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Senate Approves Codey Measure Urging Feds To Regulate Pre-Paid Debit Card Industry

Senate President Decries Industry Practices as “Tax on the Young & the Poor”

TRENTON – The full Senate today approved a resolution sponsored by Senate President Richard J. Codey (D-Essex) that calls on the Board of Governors of the Federal Reserve to use its muscle to regulate the maze of hidden fees that have cropped up in the growing pre-paid debit card industry. Sen. Codey noted that as these cards continue to grow in popularity, more and more consumers have become frustrated by the litany of hidden fees imposed by an industry that preys on both the young and the poor while its revenue is expected to balloon to over $100 billion in the next several years.

“The Federal Reserve needs to be proactive on this issue, unlike credit card reforms, which took years of consumer abuse to prompt action from Congress,” said Sen. Codey. “Essentially you have this cottage industry that’s popped up, which amounts to nothing more than a tax on the young and a tax on the poor because it’s designed to appeal to struggling students and low-income families. The Federal Reserve must act now to require a level of transparency that will empower consumers to make smart choices when buying these cards.”

The measure builds on the letter Sen. Codey sent to New Jersey’s entire Congressional delegation in November urging them to get on board in pushing for regulations that would create transparency within this industry, which is outside the realm of state regulation. Sen. Codey said he was inspired to act after reading accounts of the exorbitant hidden fees that, in some cases, depleted much of the funds deposited by hard-working, low-income consumers, a practice that can prove devastating when every nickel counts.

Resolution SCR160, approved by a vote of 36-0, officially calls on the Board of Governors of the Federal Reserve system to regulate prepaid debit cards in the same manner as traditional debit cards and gift cards by requiring all issuers of prepaid debit cards to disclose all information regarding fees and charges associated with prepaid debit cards and their use to consumers in an easy-to-read format on all packaging, website and on-site locations; and extending FDIC insurance and the protections guaranteed under the Electronic Funds Transfers Act to protect prepaid debit card users from unauthorized use of the card.

“Many of the people that use these pre-paid cards cannot obtain a bank debit card because they can’t afford to maintain the minimum monthly balance required or they can’t get a credit card. So they turn to these pre-paid debit cards as a means to get by in the growing world of e-commerce. Instead they end up sitting around helplessly as they watch their hard-earned money get eaten up by hidden fees. That isn’t right and we need to do something about it now,” continued Codey.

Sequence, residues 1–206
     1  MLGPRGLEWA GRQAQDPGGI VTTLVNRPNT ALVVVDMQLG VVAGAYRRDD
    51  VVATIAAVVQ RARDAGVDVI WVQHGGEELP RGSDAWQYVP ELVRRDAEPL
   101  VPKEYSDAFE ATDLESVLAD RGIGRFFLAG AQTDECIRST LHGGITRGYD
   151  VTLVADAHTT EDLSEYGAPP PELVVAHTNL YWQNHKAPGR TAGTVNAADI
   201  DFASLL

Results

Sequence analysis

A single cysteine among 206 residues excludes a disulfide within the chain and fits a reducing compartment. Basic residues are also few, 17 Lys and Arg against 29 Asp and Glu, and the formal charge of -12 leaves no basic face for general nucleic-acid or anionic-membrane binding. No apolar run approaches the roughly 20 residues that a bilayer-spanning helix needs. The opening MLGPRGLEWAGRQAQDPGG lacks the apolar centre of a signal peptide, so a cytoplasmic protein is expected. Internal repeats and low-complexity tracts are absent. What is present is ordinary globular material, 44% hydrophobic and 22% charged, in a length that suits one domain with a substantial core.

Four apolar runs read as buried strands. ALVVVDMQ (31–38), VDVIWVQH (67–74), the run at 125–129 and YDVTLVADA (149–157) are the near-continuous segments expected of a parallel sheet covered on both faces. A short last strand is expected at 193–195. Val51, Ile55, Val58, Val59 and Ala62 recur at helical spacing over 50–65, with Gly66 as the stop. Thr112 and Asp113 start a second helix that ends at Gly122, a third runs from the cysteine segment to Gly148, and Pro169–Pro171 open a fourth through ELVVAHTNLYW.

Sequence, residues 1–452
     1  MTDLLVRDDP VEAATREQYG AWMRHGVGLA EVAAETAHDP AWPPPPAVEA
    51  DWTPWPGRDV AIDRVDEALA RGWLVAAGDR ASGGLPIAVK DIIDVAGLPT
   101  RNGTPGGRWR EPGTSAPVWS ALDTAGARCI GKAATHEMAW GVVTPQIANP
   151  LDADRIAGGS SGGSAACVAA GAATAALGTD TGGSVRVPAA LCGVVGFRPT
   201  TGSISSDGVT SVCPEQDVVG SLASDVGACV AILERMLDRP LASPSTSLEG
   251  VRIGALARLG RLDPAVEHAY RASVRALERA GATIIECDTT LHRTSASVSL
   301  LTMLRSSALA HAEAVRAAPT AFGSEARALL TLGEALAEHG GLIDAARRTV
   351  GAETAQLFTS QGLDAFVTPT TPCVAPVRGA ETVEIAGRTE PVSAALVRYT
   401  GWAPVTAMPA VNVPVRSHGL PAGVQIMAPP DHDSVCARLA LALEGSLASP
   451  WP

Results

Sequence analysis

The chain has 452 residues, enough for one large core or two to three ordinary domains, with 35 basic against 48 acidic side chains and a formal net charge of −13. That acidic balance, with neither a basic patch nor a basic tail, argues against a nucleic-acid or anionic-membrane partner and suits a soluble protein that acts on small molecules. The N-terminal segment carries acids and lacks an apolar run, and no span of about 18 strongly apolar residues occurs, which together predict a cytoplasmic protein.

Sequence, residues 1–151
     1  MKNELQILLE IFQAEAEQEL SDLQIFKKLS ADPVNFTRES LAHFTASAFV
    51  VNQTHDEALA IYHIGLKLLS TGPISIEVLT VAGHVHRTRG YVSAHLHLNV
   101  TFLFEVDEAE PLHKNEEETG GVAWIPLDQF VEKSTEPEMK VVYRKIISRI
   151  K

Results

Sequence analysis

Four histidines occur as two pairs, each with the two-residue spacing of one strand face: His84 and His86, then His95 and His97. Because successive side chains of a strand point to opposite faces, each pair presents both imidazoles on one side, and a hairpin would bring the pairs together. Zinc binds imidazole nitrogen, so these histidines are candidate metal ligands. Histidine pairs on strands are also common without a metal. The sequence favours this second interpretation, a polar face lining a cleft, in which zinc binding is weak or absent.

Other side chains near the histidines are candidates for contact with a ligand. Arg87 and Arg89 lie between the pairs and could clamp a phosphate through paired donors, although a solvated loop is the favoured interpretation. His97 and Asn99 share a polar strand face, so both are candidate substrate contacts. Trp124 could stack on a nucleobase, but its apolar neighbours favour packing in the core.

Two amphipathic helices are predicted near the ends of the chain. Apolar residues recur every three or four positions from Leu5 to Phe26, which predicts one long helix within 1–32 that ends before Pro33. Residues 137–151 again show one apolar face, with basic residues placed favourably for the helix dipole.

Pre-paid debit cards work in much the same way as phone cards or check cards issued by the major credit card companies, however they operate relatively outside the realm of regulation as a separate industry. The cards are sold at nearly every check-out counter, from supermarkets to drugstores to Walmart, and are reloadable. Once an individual pays for the card at the register, depositing however much money they choose into the account, it is ready to use for ATM withdrawals, store purchases and online shopping. However most of the cards come with undisclosed fees for a wide range of activities, including: activation, ATM withdrawals, customer service calls, balance inquiries, purchase charges and bill payments.

“I’m not asking these companies to provide a service for free, but consumers deserve to know what they’re getting into when they purchase these cards. It’s like buying a house without getting to look around inside. You have no idea what you’re getting into until it’s too late. And then forget about trying to get help because many of these companies charge you for customer assistance over the phone,” added Codey.

Sen. Codey also encouraged New Jersey residents to look into obtaining a checking account through one of the many state-chartered banks. Under the 1991 Consumer Checking Account Act, state-chartered banks are required to provide low-cost, low-volume basic checking services for state residents. Many of these banks require no more than $50 to open an account; no more than $1 to maintain the account and; no more than $3 per month as a service fee. For those that still can’t afford to pursue this option, Sen. Codey is pressing the Federal Reserve to act to create transparency in the growing pre-paid debit card industry.

The resolution now awaits final legislative approval by the General Assembly.

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